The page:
Last month, healthcare workers went on strike to protest staff shortages. Due to the pandemic, hospitals across California have experienced massive spikes in terms of patient intakes. Healthcare workers have been at the front line of this deadly pandemic since the beginning, and the increase in cases due to the delta variant have pushed many to protest against poor working conditions. Nearly a third of all hospitals across the state have reported staff shortage problems. If hospitals want to fill the gap, they need to start listing the demands of their workforce 一 it’s vital for the survival of millions.
In September, National Guard medics were deployed to assist hospitals in the Central Valley. This specific region in California was hit the hardest by the delta variant surge, and hospitals in the area underwent massive staff shortages. One of the main reasons behind these shortages was that many workers experienced prolonged burnout. A greater feeling of disconnect between patients and the ones intended to look after them has been a constant battle. Healthcare workers are starting to feel helpless in their current situation. Nonetheless, burnout has been a problem in the health field long before the COVID-19 pandemic began. Since the start of the pandemic, this problem has become more apparent. A recent study done by the UC San Francisco healthcare workforce research center shows that nurses ages 55 to 64 who are planning on retiring or quitting within the next two years jumped by 14%. Healthcare professionals are under massive stress, and hospitals aren’t doing enough to help.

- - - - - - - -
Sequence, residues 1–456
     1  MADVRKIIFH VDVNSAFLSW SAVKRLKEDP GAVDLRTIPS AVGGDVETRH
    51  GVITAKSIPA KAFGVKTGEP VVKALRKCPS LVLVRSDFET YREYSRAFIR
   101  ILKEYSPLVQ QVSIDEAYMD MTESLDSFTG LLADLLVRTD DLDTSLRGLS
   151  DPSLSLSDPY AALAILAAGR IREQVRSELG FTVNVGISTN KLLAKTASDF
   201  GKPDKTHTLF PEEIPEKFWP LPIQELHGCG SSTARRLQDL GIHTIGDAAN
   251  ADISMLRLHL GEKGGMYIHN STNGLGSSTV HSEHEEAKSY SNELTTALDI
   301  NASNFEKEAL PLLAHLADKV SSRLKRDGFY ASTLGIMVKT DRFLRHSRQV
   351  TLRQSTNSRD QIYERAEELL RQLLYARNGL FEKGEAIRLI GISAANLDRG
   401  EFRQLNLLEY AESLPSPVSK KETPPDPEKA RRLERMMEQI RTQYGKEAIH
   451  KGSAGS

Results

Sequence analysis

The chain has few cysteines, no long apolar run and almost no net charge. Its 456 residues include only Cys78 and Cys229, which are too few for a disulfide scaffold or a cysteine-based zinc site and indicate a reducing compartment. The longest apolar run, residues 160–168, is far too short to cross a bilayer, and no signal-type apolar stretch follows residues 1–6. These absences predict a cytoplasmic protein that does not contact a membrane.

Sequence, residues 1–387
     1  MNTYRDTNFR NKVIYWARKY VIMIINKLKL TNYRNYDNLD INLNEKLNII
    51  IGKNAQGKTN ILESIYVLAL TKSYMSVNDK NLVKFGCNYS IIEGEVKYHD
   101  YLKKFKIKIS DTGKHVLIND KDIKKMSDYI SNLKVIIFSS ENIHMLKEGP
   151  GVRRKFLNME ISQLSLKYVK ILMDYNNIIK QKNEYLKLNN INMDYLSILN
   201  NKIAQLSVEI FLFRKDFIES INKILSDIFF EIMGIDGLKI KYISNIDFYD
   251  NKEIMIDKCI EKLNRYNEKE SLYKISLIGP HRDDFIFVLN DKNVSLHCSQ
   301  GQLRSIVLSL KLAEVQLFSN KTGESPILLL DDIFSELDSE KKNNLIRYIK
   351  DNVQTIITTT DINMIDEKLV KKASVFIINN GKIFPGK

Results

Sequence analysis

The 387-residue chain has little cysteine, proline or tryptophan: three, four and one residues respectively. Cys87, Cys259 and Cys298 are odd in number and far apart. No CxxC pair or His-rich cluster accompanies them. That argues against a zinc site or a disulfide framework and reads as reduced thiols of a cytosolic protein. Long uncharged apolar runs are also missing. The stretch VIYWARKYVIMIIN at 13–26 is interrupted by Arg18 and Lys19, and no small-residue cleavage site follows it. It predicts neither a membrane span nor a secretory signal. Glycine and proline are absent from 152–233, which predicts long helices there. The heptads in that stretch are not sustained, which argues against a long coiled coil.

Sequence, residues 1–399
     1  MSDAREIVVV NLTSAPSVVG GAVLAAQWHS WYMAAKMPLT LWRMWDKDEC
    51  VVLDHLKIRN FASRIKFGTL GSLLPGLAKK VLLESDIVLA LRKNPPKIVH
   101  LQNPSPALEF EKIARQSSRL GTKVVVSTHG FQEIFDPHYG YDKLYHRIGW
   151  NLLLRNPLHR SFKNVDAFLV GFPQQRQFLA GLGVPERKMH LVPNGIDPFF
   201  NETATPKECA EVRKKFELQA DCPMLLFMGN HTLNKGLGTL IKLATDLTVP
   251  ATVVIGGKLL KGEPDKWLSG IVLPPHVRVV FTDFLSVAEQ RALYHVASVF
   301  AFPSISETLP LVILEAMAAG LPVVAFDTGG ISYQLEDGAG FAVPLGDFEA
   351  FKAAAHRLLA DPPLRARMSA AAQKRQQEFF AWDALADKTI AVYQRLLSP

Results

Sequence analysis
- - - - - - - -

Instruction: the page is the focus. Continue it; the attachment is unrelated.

Unions are demanding that hospitals put in more effort into hiring new staff. But many hospitals are reporting it’s not that easy to hire new workers. With so many people deciding to leave the field, it’s growing harder to fill the gap. Many workers aren’t willing to put up with the risks that come along with working in a hospital during a pandemic. Others are simply tired of not being fully compensated for all the hard work that they do. Hospitals rely on historic averages to predict the need for employees. Using this method oftentimes means that hospitals are operating with minimal staff. Therefore, nurses and doctors are having to take on too much during their already long work shifts. Many hospitals have started to offer incentives like shift bonus and child care, but it’s not enough. Unions have been demanding a pay increase since the start of the pandemic. Travel nurses are making upwards of $10,000 per week, a pay increase that redesitant staff members have yet to see.
Hospitals need to start listening to the needs of caregivers across the state. Since the beginning of the pandemic, we have been cheering on our front-line workers, individuals who put their health on the line everyday to make sure others survive. With no real end in sight for this deadly pandemic, their demands should be heard. Putting the needs of our caregivers first only means better care for everyone in the state.